Sometimes when I meet new people, I feel like I have seen them before. Their faces might look similar to people's faces, I have really have met before.

The wiki article on Difficulties with Facial Recognition states that:

Prosopagnosia is an inability to identify faces and face-like objects. This represents a failure to encode incoming visual information. Neurological studies indicate that prosopagnosia is associated with bilateral lesions of the central visual system, primarily located in the mesial occipitotemporal region.

I don't have problems with identifying faces, I just group them too often.


  • Why do novel faces sometimes look familiar?
  • Is this related to a kind of face-blindness?
  • What is the neural basis for this phenomena?

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1 Answer 1


Feeling as though you have seen a face before is perfectly normal. It may reflect actual similarities between the new face and the face you have seen before. There are people who genuinely look like each other, an example being celebrity look-a-likes. It may also reflect a commonly observed cultural/ethnic effect where people of a different ethnicity look more similar (Meissner & Bringham, 2001).

In terms of what happens in the brain, besides processing by the basic visual system (LGN, V1), the ventral visual pathway and areas associated with object and face recognition are involved with identifying the face. Particularly, these three core regions show space-specific responses: fusiform gyrus, lateral inferior occipital gyri , and posterior superior temporal sulcus (Haxby et al., 2000; 2001).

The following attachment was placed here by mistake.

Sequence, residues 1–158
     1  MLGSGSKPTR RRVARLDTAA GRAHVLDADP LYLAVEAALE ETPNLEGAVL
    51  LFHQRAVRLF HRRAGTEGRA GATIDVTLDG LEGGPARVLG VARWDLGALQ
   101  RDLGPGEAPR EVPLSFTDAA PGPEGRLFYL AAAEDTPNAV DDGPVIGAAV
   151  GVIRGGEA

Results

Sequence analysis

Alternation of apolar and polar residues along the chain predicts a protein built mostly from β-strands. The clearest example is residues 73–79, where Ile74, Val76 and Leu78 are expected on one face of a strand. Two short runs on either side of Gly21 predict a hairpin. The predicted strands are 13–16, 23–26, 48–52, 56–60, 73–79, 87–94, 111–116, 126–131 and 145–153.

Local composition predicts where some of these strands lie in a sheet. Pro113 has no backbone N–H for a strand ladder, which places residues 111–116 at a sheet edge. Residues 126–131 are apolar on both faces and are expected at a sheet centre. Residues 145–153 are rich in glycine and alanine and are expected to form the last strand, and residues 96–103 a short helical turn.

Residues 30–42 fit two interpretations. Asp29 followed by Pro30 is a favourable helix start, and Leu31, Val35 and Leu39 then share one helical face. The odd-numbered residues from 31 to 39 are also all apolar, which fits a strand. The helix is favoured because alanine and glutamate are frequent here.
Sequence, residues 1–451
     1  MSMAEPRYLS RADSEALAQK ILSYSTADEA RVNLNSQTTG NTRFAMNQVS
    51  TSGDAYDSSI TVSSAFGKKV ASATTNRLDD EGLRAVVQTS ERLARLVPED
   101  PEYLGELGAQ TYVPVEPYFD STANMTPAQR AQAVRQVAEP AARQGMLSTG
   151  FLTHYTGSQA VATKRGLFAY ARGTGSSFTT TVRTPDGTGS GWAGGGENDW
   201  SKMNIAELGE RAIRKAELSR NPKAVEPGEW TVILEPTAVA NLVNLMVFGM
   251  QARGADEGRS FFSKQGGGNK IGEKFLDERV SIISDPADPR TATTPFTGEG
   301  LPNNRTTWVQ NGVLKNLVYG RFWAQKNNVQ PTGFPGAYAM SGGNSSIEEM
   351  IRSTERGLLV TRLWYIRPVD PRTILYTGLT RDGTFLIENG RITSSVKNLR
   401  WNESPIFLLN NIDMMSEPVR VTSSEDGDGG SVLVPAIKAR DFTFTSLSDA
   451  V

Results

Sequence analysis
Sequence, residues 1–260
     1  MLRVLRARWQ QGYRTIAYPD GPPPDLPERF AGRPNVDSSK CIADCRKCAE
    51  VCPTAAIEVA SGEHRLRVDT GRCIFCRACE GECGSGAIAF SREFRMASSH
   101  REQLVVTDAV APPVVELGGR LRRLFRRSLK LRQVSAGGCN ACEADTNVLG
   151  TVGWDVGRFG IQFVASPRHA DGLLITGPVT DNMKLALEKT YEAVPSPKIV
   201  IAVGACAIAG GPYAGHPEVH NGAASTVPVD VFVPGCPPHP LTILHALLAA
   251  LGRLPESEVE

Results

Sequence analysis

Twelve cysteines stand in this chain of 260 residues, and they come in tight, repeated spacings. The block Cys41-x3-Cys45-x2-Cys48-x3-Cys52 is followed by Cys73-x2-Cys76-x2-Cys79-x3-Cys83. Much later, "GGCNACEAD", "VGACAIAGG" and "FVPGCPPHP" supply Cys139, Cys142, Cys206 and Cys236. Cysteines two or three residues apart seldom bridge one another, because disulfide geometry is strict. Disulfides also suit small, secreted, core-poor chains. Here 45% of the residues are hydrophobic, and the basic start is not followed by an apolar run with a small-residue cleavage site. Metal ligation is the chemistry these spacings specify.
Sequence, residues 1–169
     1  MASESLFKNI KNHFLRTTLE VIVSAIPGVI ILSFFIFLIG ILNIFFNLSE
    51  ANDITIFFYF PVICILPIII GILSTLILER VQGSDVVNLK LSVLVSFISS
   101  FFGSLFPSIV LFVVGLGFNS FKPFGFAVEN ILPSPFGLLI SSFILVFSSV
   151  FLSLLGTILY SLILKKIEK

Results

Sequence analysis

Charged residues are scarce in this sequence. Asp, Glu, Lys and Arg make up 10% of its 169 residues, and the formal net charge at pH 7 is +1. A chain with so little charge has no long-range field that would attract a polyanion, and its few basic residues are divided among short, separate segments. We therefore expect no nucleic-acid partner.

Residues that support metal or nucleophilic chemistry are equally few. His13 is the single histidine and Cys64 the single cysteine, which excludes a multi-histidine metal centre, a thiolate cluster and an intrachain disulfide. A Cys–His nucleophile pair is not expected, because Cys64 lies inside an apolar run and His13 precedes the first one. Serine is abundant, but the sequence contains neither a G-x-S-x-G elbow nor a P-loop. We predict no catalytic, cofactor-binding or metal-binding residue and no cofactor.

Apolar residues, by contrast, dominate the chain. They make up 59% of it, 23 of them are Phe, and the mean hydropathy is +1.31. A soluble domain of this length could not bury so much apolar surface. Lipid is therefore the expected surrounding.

Figure from Haxby et. al., 2000 A model of the distributed human neural system for face perception (Image from Haxby et al., 2000.)

There is ongoing debate that the fusiform area plays a broader role in that of visual expertise, rather than just face perception (Gaulthier et al., 2000; Xu, 2005). Although less is known about temporal aspects of face processing, this is starting to be the focus of newer studies such as Zheng et al., 2012.

I haven't found any known explanation but if you feel that the way you perceive similarity in faces is not normal, then you may be interested in reading about false facial recognition problems following brain damage (*Rapcsak et al., 1996) or (slightly different) misidentification syndromes (Hudson & Grace, 1999; Breen et al., 2000).

*Unfortunately I could not access this article to summarize it.


  • 4
    $\begingroup$ +1 Wow great answer. Thanks for are the references. Vote up, people! $\endgroup$
    – draks ...
    Jun 5, 2012 at 19:49

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